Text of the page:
Nobody can claim that this is an ambigious position. And then, again in Leviticus we get other gems of modernity - such as: You can't eat pork or shellfish; any emission of semen makes you unclean for a day; a menstruating woman is definitely to be avoided for about a week, as is anything she's touched; if anyone eats blood they are to be shunned by everyone, forever.

So if you've ever had black pudding, that's it...it's a oneway trip to hell for you! Again in Leviticus we get such things as: make sure your clothes are made from only one garment; do not have more than one crop in your garden, etc.

The bible is full of gibberish - period. These are things that quite primitive societies thought in those days and it makes little sence to us now...so why the fuss?

 
At 9:34 pm, Blogger Laura Brown said...

Hi Peter -

Leviticus is a book that definitely illustrates the dangers of taking Scripture literally!

I thought the purity laws in Leviticus were pretty irrelevant to modern life too, until I read what Rene Girard has to say about them in 'Violence and the Sacred.' His reading has less to do with the specific prohibitions than with the fears and desires they are meant to control.

 
At 1:50 pm, Blogger beatroot said...

So, now I am reading 'Violence and the sacred - rene Girad's insights into Christianity'...it is a bit deep so I will get back to on that one.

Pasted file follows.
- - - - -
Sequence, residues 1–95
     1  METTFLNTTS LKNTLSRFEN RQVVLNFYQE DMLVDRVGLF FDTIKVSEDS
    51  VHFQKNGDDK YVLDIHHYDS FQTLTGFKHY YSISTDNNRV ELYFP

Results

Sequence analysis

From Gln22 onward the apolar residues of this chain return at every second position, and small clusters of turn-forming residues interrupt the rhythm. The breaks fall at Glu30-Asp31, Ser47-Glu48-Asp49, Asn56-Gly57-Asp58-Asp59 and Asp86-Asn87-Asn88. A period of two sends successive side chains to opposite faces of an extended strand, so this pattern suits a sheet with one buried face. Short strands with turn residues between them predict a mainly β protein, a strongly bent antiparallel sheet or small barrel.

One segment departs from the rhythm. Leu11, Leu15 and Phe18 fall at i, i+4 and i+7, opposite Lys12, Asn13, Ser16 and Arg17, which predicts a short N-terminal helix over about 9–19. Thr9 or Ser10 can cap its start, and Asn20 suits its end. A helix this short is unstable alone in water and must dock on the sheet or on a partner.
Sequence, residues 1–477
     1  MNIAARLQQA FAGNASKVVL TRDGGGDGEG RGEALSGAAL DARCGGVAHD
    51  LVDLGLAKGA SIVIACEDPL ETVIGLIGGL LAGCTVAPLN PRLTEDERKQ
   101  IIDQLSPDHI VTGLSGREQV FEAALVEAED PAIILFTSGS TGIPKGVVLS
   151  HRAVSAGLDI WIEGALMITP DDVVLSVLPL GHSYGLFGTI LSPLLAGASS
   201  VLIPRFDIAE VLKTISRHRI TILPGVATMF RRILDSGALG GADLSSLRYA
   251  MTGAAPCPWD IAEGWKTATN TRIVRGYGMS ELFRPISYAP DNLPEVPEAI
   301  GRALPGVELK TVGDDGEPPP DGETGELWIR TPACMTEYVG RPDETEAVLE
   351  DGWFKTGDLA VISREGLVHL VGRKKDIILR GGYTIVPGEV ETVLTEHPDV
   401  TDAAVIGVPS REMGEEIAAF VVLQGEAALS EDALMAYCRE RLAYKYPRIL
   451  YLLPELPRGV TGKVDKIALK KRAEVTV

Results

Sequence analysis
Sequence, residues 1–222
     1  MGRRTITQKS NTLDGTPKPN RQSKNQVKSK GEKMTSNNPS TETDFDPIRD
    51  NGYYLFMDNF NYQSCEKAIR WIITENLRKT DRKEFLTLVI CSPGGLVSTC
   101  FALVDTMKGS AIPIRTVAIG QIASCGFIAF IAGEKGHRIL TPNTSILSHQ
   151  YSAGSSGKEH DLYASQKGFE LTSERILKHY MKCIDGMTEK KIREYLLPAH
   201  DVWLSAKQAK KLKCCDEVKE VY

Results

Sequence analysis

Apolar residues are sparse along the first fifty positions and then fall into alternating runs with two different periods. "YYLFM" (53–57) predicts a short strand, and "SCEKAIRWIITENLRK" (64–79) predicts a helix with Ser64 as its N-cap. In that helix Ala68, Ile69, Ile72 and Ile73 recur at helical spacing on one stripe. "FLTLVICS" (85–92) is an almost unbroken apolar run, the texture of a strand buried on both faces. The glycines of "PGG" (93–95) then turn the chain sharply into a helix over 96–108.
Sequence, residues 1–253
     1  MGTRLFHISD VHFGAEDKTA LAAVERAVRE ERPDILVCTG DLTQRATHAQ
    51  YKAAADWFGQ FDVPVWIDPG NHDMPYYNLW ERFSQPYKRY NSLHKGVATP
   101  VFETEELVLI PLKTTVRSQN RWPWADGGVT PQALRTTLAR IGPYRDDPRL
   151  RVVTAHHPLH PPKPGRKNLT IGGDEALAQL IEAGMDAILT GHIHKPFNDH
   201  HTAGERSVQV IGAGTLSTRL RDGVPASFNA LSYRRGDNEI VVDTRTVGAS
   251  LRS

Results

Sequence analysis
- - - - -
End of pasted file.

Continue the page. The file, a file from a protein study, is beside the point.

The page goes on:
But thanks for making me read something that I would never have read unless I had visited faynights...surely the best possible reason for the blogophere!

I was also looking at your special projects bit on the sidebar. Working conditions in Vistorian England is one of my favs...! I also looked at Chris's randon single's bit...he lists some great tracks that he has written about...some good Liverpool bands! But have you checked out, on the other side of the Atlantic, Eels! Sublime and weird all in one!

 
At 8:13 pm, Blogger Chris Brown said...

I've actually got four Eels CD singles (and 'Flyswatter' on picture disc), but they've never cropped up from the randominser. I would offer to write aboout one of them, but I suppose that wouldn't really be random.

Actually, It's been a while since I've written one of those. I got a bit of writer's block about one particular record and never got round to it somehow. Maybe I should get going again.